Perhaps your family is willing to take in a breed disadvantaged by negative stereotypes. This teaches kids to learn for themselves and not be influenced by a biased or misinformed public perception.

For kids who are adopted, adopting a pet provides an opportunity to talk about their feelings while learning more about their family’s love and compassion for others in need. Likewise, for a child who is hearing-impaired or has a condition such as diabetes, adopting an animal with a similar condition, or other special need (provided the resources exist to properly manage it), can be therapeutic and enriching for all involved.

“There is no limit to the great lessons you can teach your children when you opt to adopt,” says Salk. “These lessons benefit everyone involved and they live on in the minds of children, manifesting in a lifetime of compassionate acts.”

What better time to have this compassionate, life-saving family discussion?  Visit your local shelter today to see all the pets waiting for the perfect home – yours.

Woman sues to prove animals are ‘living souls,’ not property by Ed Boks

“Today Show” contributor Scott Stump recently reported on a New Yorker named Elena Zakharova who filed a civil suit in a New York court against an Upper East Side pet store. The store, Raising Rover, sold Zakharova a puppy that developed numerous medical complications. The suit seeks to hold the store liable for the dog’s pain and suffering, and medical bills, as if the dog were a person rather than an inanimate product.

New York law considers pets “property,’ but the complaint wants to change that definition. The goal is to help shut down puppy mills that often mass-produce animals sold in boutique pet stores like Raising Rover, where “Umka” was purchased.

“Umka is a living soul,’ the suit reads. ” She feels love and pain.’

Ownership of Raising Rover has changed since Zakharova purchased Umka.

“I know nothing about the sale. The prior owner has the records. We are careful about where we get our puppies,” Raising Rover’s new owner Ben Logan told the New York Daily News. Logan declined to provide information about the prior owner.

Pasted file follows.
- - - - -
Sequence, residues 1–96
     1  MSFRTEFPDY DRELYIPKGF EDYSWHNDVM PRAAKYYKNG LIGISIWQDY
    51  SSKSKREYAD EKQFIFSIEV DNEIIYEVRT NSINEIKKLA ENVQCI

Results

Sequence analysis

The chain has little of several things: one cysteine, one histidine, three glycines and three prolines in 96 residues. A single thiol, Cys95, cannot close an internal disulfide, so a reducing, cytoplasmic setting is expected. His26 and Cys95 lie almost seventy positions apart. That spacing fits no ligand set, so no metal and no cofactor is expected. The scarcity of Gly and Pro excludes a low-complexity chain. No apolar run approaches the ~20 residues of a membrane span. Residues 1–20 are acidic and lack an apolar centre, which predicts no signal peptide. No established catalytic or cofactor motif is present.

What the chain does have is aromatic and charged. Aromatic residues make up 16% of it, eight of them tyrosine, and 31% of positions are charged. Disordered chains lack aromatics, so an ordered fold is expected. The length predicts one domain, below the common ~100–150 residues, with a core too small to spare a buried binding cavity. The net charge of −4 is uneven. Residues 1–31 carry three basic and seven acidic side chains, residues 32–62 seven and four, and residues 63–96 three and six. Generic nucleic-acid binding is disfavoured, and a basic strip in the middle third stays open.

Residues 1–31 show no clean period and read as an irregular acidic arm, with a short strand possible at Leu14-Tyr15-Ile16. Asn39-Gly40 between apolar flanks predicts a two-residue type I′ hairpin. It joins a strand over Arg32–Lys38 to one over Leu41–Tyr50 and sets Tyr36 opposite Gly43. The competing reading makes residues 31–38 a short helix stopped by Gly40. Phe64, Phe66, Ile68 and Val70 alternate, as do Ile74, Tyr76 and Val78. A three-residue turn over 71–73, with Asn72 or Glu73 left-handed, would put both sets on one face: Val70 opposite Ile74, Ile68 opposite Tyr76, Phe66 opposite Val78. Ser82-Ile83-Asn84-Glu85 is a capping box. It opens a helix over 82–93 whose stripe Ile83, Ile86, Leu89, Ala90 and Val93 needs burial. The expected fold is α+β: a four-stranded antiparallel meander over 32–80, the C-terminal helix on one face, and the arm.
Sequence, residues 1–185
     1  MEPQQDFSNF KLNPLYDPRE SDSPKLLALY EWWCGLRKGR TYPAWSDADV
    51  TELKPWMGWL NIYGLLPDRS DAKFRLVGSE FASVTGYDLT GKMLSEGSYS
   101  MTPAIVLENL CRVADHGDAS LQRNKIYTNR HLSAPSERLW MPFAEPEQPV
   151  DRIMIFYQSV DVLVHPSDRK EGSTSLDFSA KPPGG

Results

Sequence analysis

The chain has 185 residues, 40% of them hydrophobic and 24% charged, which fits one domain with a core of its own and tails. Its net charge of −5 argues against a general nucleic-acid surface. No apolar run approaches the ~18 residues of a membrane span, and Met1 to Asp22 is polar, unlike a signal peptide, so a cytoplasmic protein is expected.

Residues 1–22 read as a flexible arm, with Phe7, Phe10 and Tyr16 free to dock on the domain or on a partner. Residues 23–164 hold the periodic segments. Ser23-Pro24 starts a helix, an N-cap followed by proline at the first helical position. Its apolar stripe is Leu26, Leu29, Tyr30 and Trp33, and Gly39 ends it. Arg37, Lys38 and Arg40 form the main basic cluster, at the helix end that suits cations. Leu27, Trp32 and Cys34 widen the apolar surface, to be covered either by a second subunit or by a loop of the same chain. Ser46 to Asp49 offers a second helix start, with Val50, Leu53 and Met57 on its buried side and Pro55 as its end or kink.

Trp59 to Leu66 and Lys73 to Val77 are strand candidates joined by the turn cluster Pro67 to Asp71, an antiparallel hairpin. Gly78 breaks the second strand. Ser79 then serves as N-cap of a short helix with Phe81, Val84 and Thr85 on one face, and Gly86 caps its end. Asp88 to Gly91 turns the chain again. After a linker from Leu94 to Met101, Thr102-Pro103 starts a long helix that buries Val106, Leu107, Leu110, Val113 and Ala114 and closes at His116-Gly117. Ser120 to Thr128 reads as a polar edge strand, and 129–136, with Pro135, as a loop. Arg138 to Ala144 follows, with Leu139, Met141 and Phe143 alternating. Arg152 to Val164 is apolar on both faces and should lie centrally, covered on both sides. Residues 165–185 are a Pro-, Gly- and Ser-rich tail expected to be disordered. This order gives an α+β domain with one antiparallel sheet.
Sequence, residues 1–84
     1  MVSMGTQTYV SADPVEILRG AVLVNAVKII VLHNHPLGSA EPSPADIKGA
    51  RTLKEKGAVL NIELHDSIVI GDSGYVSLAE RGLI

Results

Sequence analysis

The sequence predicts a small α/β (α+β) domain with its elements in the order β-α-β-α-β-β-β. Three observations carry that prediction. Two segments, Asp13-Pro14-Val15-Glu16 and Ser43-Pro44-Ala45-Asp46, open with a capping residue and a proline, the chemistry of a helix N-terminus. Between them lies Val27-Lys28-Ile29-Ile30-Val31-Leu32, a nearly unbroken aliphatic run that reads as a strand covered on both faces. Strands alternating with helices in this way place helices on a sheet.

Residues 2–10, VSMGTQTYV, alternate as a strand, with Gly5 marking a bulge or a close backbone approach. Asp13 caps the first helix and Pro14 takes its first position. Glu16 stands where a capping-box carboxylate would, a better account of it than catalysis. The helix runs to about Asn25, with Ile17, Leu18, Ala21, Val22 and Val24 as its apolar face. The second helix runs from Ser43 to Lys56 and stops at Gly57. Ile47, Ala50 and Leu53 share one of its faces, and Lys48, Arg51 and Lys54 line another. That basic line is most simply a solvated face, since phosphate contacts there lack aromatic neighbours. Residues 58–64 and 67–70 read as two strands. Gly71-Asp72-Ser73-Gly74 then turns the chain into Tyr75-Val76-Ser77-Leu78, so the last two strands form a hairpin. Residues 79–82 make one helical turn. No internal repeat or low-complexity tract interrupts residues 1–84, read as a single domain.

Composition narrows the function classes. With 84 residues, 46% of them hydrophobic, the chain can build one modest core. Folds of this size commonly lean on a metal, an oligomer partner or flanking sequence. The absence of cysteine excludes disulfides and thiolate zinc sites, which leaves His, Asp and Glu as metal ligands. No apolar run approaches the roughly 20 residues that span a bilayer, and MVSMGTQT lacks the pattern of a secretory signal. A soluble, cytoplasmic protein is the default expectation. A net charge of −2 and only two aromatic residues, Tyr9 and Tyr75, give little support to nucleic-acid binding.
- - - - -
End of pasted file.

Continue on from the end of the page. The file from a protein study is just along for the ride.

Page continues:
Zakharova is seeking compensation for surgeries and medical treatment for Umka totaling about $8,000. She also wants a full return of the dog’s sale price plus interest since the date of purchase in February 2011. Zakharova intends to donate any award to an animal charity, Lask said.

New York state has a “Puppy Lemon Law’ that allows buyers to return sick animals to a pet store within 14 days for a full refund. The law is meant to slow puppy mills’ mass production of dogs with inherent medical problems. However, Umka’s medical issues did not become apparent for months after Zakharova purchased the dog.

“The Puppy Lemon Law doesn’t cut it,’ Lask said.

If the definition of a pet is changed from property to a sentient being, it could substantially change the amount of damages awarded when an owner buys a defective dog born in a puppy mill. That could have a chilling effect on pet stores buying animals from puppy mills fearing large payouts from lawsuits.

“It’s going to put a number on my dog’s broken hips that you created because you’re negligent, you’re greedy, and you’re mass-producing puppies,’ Lask said. “Right now, even if you return it, they just kill it, which is so inhumane.’

Lask is an animal lover who owns a Chihuahua named Lincoln who was found to have a hole in his skull months after her purchase. That discovery led her to investigate the practices of puppy mills. She waited six years to find a case to help correct the larger issue.

“It’s much bigger than this case,’ she said. “I am looking to shut down the puppy mill world.’

The main issue will be proving to a judge that pets are living souls who experience feelings of pain and emotion. “Human beings have treated other humans as property in history before recognizing it was wrong,” said Lask, “so it’s not too much of a stretch to ask the courts to change the definition.”

“It’s already a felony to abuse an animal. If animals have criminal rights, why not put rights on a damaged leg or a heart condition? If we’re not equating (an animal) to a human being, and we’re not equating it to a table, there has to be something in the middle.’

The suit brings to light the practices of puppy mills and their damaging effects on animals and their human owners. A 2011 investigation by The Humane Society of the United States revealed that Raising Rover, where Umka was purchased, was one of 11 upscale pet stores that purchased animals from Midwestern puppy mills with horrendous conditions.

The moral of the story is buyer beware! Experts agree consumers should opt to adopt from shelters to avoid the trauma that comes from paying exorbitant fees for pet store animals with hidden defects.